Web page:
I don’t like to explain myself

I did it! A whole weekend by myself at home without any of the distractions of human contact! Apologies to the blockbuster guy.

One of the movies I watched is a movie I actually saw in the theater…back when I could afford such luxuries: There Will Be Blood.

I thought of the movie again, for the first time in a long while, when I was visiting Petitedov up in Massachusetts. During a brutal game of Scene It, I decided that I wasn’t even going to try anymore and would just answer every question with the catch phrase from There Will Be Blood: “I drink your milkshake!” I even have this on a sweatshirt!

But upon quieter reflection, it’s a different scene which I think really captures who Plainview is.

He’s just been approached by a man claiming to be his brother. He’s already lost his ersatz son to an accident and blames himself because not only is the boy deaf, but he’s sent him away because the child is no longer of any use to him.

Plainview has the whole world figured out. He knows exactly how to flatter a man to get him to sign away his assets and rights. He knows what makes people tick, and he hates them for it. “I see the worst in people, Henry…I’ve built up my hatreds over the years… little by little.”

It’s a sentiment I know all too well. I see the worst in people too. With most people I see nothing worth liking. Too loud, too whiny, too cheery, too glum, too vapid, too pretentious, too pretty, too ugly, too mean, too nice, too cheap, too insincere, too naive, too boring, too wasteful, too from France, too cracking my aces, … the list goes on and on.

It amazes me that I’ve managed to find so many people that I enjoy hanging out with because I really have built up my hatreds over the years.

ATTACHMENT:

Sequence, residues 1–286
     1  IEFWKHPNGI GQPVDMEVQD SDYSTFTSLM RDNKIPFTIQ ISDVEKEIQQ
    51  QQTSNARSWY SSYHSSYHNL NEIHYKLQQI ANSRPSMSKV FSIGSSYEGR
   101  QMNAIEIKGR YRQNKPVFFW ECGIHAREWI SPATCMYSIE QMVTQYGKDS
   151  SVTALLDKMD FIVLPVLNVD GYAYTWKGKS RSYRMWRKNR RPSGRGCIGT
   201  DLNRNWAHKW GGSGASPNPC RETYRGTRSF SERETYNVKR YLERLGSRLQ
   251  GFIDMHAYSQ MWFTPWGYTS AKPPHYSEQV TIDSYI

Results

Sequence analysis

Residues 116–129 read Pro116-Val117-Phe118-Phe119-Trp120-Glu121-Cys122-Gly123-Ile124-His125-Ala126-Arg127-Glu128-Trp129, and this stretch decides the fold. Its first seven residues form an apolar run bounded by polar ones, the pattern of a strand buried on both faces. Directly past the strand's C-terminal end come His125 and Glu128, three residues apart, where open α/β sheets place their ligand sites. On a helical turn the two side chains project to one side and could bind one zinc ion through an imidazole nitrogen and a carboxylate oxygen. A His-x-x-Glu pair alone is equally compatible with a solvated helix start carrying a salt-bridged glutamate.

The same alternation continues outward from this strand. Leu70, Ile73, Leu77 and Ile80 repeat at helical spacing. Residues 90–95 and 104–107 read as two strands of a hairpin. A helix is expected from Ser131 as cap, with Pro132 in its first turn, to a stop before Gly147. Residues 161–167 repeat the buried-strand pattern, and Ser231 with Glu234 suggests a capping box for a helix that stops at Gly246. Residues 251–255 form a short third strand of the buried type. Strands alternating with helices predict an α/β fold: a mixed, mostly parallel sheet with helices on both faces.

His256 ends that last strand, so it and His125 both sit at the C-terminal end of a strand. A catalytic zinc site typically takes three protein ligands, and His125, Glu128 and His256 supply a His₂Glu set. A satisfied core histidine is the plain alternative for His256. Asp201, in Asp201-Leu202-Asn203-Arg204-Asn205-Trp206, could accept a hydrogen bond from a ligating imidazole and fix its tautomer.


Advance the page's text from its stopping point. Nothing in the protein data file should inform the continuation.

For Plainview, the appearance of this brother is a bit of a miracle. A tangible, true connection that will humanize…even save him. And he’s glad. There is relief on his face as he says “I can’t keep doing this on my own.”

But Plainview isn’t a fool. He doesn’t let this hope completely cloud his judgment. And in short order, he figures out the man is a con artist and brutally kills him.

He will keep doing “this” alone. He will do it alone until he is finished.

It’s a sobering message. There will come a time when the people I like do things I hate. When their shine is gone and I’m face to face with a spoiled version of them; maybe even the truer version of them. They are not my brother after all. And we’re done. Though I swear, I haven’t murdered anyone. Like really murdered.

I know, because it’s happened. Again and again. And I’m always angry and sad and stabby.

It’s cool though because it’s better than suffering fools or frauds.

Yet, some part of me is still willing to try. Though, I’m old now and getting set in my ways. Still.

I try.

Until I am finished.

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10 Responses to I don’t like to explain myself

  1. Stephane says:

    Sheesh. I don’t mean YOU GUYS! *whistles*

  2. Mary says:

    Guess I should return that set of kitchen knives I bought for you for Christmas.*

    *set of kitchen knives are actually imaginary so feel free to be as stabby as you want with them.

  3. Stephane says:


  4. Stephane says:

    Mary is officially my favorite. Everyone else is banned! Except Alceste. And F-train remains on probation.

  5. pearatty says:

    How am I supposed to know you have posts over here if you don’t link to them on your other blog?

  6. Dawn Summers says:

    Um. Write down the URLs of all my blogs and check each daily?

  7. Pdov says:

    Wait where is my hat tip for recomending Winter’s Bone?! Basically the best movie this year. #RUDE And I also think Mary would like it.

  8. Pdov says:

    I don’t like to explain myself either. I love that movie. As I’ve said to me, it’s as perfect as a movie can be. I need to re-watch it.

    While I hate most people, I know there are some good ones out there. It’s good to hold on to them, even when they let you down.

    Congrats on achieving hermit status again.

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